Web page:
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June 10, 1988, President Corazon C. Aquino signed Republic Act No. 6657, otherwise known as the Comprehensive Agrarian Reform Act.

Land reform, contrary to common knowledge that it started in the late 80’s, is actually as old as Martial Law, five days younger to be exact.

In September 26, 1972, then President Ferdinand E. Marcos through Presidential Decree No. 2 declared the country under a land reform area, with Republic Act 6389, creating the Department of Agrarian Reform (DAR) and subsequently funding the program.

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When Marcos was eventually toppled by the EDSA Revolution, Cory Aquino replaced him as President. Aquino envisioned land reform as the centerpiece of her social agenda; something that thousands of farmers took to heart as they marched on Mendiola on January 1987.

The peaceful march, however, turned violent as police opened fire on the farmers calling for land reform. Instead of soil, they received bullets. Twelve farmers died while 19 more were injured in the Mendiola Masaacre. The aftermath galvanized the Aquino administration to railroad legislation on agrarian reform. Presidential Proclamation 131 and Executive Order 229 outlined Aquino’s land reform program, paving the way for Republic Act 6657 or the Comprehensive Agrarian Reform Law signed on June 10, 1988.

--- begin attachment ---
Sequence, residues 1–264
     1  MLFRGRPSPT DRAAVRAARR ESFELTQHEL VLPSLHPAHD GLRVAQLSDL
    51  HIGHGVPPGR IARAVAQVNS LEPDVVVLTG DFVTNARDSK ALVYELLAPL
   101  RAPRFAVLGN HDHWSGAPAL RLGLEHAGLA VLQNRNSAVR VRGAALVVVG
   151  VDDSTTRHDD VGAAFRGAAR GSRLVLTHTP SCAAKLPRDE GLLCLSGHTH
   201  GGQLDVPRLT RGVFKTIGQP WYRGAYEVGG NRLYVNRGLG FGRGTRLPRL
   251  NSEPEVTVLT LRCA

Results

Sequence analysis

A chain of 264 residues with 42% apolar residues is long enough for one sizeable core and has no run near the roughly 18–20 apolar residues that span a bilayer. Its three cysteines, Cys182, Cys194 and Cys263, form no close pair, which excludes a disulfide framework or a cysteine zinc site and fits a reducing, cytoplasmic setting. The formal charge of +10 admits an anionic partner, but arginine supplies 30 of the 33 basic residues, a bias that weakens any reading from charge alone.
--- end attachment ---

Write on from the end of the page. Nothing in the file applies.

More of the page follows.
This was the birth of the Comprehensive Agrarian Reform Program, which aimed to put an end to the land reform question. Aquino’s class origins, however, prevailed when CARP showed its glaring flaws, chief of which was the provision that allows haciendas to restructure themselves as corporations and give shares, known as the stock distribution option.

This is important to note, considering that Corazon Cojuangco-Aquino had a large stake in Hacienda Luisita, a 6,453-hectare estate in Tarlac owned by the Cojuangco clan. Equally important was that Luisita availed the stock distribution option, becoming Haciendia Luisita, Inc.

The Constitution ratified by the Filipino people during the administration of President Corazon C. Aquino provides under Section 21 under Article II that “The State shall promote comprehensive rural development and agrarian reform.”

Among those to be given due consideration in the distribution and ownership of land and representation in decision-making bodies are subsistence fishermen, veterans and retirees, agriculture graduates, and rural women.


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